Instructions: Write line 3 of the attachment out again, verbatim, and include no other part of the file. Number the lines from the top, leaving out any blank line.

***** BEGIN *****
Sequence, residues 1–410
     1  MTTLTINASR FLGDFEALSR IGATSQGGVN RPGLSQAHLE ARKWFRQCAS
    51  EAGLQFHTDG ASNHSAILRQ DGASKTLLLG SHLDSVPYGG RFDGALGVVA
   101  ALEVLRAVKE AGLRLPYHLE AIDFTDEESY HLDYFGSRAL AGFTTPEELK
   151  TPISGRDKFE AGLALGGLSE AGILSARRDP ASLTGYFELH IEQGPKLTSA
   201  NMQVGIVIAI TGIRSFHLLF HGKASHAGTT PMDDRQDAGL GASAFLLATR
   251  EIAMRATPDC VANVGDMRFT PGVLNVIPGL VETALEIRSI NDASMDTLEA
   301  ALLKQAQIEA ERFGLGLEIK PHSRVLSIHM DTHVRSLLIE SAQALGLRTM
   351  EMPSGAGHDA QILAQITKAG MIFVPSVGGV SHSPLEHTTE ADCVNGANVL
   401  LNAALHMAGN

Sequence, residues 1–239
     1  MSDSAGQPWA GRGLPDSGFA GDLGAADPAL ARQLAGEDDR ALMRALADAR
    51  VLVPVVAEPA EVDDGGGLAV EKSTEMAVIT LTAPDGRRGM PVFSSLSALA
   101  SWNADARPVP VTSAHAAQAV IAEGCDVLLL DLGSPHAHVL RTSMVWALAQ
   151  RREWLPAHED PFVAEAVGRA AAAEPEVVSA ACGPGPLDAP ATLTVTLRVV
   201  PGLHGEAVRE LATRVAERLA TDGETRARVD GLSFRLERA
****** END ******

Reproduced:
    51  EAGLQFHTDG ASNHSAILRQ DGASKTLLLG SHLDSVPYGG RFDGALGVVA